LUNGevity Foundation will fund lung cancer research through a peer reviewed research process. Its Scientific Advisory Board meets annually to discuss research strategy, share new scientific developments, oversee awarded grant projects, review grant proposals, and determine funding of new grants. LUNGevity will issue two requests for grant applicants each year, one supporting research for the early detection of lung cancer and the other for therapeutic agents that are effective in all stages of the disease. The first of these early detection grants were awarded through Protect Your Lungs to Dr.Steven M. Dubinett and Dr. Kostyantyn Krysan from UCLA and Dr. Samir Hanash, Dr. Gary Goodman, and Dr. Christopher Li from the Fred Hutchinson Cancer Research Center. To learn more about research grants awarded by LUNGevity Foundation, please visit www.lungevity.org/research.
MEDIA NOTE: Media interested in interviewing Andrea Stern Ferris, LUNGevity president and chairman of the board; Beth Ida Stern, LUNGevity executive director; or Jerry Sorkin, lung cancer survivor and vice chairman of LUNGevity’s board of directors, should contact Sara Neumann at 202.414.0788 or firstname.lastname@example.org.
About LUNGevity Foundation
LUNGevity Foundation is the nation’s fastest growing lung cancer charity. Its mission is to reduce, by half, the number of people who die from lung cancer by the year 2020 and to provide a community for those impacted by the disease. By funding research into the early detection and successful treatment of lung cancer, LUNGevity works to extend the lives of lung cancer patients and ensure a higher quality of life, post-diagnosis. For more information, please visit www.lungevity.org.
About Lung Cancer
Lung cancer impacts 1 in 14 Americans and is the number one cancer killer – more than breast, colorectal, and prostate, ovarian, non-hodgkin’s lymphoma, and melanoma cancers combined.
More than 1.5 times as many women die from lung cancer as from breast cancer.
60 percent of Americans diagnosed with lung cancer either never smoked a cigarette in their lives or had quit smoking.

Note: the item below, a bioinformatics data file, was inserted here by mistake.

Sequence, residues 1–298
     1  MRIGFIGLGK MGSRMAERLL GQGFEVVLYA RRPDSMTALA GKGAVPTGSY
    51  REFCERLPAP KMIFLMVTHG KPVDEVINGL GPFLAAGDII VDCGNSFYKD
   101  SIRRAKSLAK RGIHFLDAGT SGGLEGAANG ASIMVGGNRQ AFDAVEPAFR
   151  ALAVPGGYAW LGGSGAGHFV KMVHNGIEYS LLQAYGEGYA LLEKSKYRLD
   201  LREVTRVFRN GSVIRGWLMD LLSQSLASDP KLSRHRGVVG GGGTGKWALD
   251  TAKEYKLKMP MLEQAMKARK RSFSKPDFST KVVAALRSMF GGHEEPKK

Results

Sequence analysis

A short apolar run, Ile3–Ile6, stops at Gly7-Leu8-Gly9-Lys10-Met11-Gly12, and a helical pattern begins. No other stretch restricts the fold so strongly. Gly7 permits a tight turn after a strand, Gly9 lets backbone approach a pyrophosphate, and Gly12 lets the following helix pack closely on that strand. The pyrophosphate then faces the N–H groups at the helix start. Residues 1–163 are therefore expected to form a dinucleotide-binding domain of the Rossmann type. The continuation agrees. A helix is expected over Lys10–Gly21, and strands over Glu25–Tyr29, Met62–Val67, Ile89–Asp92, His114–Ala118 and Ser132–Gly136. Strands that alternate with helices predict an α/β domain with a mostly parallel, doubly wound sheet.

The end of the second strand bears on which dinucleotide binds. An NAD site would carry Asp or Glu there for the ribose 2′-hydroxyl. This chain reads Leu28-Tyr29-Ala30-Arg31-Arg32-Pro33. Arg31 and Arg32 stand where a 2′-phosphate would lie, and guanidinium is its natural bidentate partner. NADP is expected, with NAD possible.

Less than 15 percent of people diagnosed with lung cancer survive 5 years post-diagnosis because of limited early detection opportunities.
There is no widely available, effective early diagnostic test available today.
About Andrea Stern Ferris
After losing her mother, Patricia Stern, to lung cancer, Andrea Ferris was instrumental in founding Protect Your Lungs in 2008 and served as the executive director, responsible for the strategic direction and daily operations. Andrea received an MBA from University of Pennsylvania’s Wharton School of Business with concentrations in finance and Latin American studies and a BS in Economics from Wharton with concentrations in accounting, decision sciences and finance.
About Beth Ida Stern
Beth Ida Stern decided to dedicate her life to fighting lung cancer when her aunt, Jane Grier, died of the disease in 2006. Like most, Beth was unaware of the realities of the lack of funding for lung cancer research until she was directly affected. Beth will continue in her role as executive director. She holds an MBA from the Kellogg School of Management at Northwestern University and a BA in psychology from the University of Michigan.
About Jerry Sorkin
Jerry Sorkin, father of two young daughters, is a three-time cancer survivor who was diagnosed with stage IV lung cancer in August 2007. He began working with LUNGevity as a member of the communications committee and the strategic planning task force and joined the Board of Directors in October 2009. For more than a decade, Jerry has been a part of the Corporate Executive Board’s leadership team. He earned a JD from Harvard Law School and a BA from Yale College.